Renewed calls for more residents to install smoke detectors in homes

A massive blaze in Greenbay on July 24 is believed to have killed one man and destroyed four homes (Observer photo)
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 A senior fire official has renewed calls for residents to install potentially life-saving smoke detectors in their homes.

The department’s Public Relations Officer Inspector Lester Bagot made the call on Wednesday morning, in the wake of two recent house fires which have left several residents homeless and one believed dead.

A Hatton man lost his home last Thursday, three days after a massive blaze broke out in Greenbay destroying four houses. A badly burnt body yet to be formally identified was found in one of them.

In January, another catastrophic inferno wiped out three houses and is also thought to have killed a 16-year-old boy.

Bagot is adamant that having more smoke detectors in homes would play a crucial role in preventing disasters, by detecting fires more promptly and alerting emergency services.

“Fires start very small and if you can get the fire in that small stage, you can out it. A smoke detector and a fire extinguisher will go a long way … in saving property but if you don’t have one, by the time you are alerted the fire would be too big for you,” Bagot explained.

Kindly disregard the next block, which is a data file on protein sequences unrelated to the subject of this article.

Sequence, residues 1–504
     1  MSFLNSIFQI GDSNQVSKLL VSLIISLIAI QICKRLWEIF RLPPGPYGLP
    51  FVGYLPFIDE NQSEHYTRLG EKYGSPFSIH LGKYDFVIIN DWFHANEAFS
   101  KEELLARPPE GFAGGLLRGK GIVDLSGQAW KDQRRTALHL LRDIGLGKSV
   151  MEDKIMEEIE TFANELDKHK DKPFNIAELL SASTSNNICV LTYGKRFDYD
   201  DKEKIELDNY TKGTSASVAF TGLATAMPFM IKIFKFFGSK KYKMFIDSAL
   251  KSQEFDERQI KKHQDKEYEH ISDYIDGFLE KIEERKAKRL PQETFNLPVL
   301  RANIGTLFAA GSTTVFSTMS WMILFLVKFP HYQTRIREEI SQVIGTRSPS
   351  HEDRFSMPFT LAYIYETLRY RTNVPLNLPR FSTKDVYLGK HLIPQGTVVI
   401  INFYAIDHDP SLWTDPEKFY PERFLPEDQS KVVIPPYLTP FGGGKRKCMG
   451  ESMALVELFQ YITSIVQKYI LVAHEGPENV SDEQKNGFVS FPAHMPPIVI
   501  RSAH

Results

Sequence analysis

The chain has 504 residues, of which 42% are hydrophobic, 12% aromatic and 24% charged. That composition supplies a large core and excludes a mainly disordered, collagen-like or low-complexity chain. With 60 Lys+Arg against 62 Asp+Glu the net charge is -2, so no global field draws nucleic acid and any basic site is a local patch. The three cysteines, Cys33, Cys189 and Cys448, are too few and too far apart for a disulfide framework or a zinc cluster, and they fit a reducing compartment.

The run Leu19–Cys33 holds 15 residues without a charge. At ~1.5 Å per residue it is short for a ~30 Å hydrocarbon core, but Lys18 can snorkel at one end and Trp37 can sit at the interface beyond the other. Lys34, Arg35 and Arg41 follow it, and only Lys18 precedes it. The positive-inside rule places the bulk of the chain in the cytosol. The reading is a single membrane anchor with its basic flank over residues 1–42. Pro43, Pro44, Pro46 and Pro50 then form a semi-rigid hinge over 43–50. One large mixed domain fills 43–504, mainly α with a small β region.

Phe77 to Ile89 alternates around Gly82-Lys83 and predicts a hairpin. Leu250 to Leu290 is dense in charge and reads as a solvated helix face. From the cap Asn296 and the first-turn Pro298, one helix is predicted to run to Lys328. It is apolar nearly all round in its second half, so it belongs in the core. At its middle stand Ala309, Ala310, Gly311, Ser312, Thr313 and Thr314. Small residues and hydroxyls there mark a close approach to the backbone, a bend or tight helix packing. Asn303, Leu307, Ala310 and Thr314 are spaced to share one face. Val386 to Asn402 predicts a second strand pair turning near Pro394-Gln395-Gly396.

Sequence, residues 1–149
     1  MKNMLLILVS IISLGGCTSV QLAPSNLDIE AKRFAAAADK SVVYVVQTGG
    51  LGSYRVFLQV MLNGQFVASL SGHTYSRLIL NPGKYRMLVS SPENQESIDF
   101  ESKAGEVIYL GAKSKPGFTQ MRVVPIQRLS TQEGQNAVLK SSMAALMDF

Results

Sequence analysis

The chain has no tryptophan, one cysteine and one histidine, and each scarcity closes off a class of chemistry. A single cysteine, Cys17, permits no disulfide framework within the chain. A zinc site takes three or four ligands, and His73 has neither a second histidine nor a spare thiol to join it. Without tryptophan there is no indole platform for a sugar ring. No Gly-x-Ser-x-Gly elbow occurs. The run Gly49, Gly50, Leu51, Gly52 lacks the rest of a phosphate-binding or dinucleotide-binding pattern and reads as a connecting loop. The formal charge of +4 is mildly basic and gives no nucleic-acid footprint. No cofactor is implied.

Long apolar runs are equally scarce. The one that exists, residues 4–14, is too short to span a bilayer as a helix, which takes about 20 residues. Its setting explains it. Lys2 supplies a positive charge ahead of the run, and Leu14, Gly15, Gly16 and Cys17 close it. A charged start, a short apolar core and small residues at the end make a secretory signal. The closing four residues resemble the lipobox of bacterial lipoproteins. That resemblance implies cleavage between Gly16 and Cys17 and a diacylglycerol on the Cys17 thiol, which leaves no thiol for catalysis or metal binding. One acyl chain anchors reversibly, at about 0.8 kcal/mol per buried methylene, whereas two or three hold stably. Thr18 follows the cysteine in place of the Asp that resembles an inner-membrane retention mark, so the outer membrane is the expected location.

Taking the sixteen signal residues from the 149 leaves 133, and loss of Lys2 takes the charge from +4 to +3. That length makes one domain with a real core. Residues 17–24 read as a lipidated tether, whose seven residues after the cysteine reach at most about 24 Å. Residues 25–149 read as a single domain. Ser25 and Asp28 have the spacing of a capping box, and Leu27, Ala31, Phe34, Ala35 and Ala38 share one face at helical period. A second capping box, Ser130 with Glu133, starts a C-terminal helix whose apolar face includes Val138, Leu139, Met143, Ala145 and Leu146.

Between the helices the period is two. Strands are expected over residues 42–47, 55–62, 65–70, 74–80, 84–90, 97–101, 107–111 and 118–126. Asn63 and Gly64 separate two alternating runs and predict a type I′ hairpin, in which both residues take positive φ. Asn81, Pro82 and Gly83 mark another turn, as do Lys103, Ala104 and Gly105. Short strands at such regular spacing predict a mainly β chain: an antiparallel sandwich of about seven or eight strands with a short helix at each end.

For the first six months of this year, 23 house fires were recorded, a slight increase on the 19 recorded during the same period last year.

Several of those fires are still under investigation but Bagot said the “likely cause could be electrical”. 

The fire official also had an appeal for members of the public who have criticised the department for slow response times to blazes, along with bringing inadequate water supply.

He explained that fire tenders can only hold a certain amount of water, but said the recent addition of extra trucks has dramatically helped to improve water capacity.

“We are asking the public just to be patient with us as we acquire more fire trucks and we will be able to respond with a lot more water,” Bagot said.

He mentioned that having working fire hydrants also plays a key role; fire hydrants which are out of action, Bagot added, is a consistent challenge the department faces.

Regarding the slow response to fires, Bagot said that most times the fire stations have “no idea that there is a fire”.

He is advising people to call 911 immediately so that the relevant fire station can be dispatched quickly.

Bagot was speaking on state media when he made these comments.

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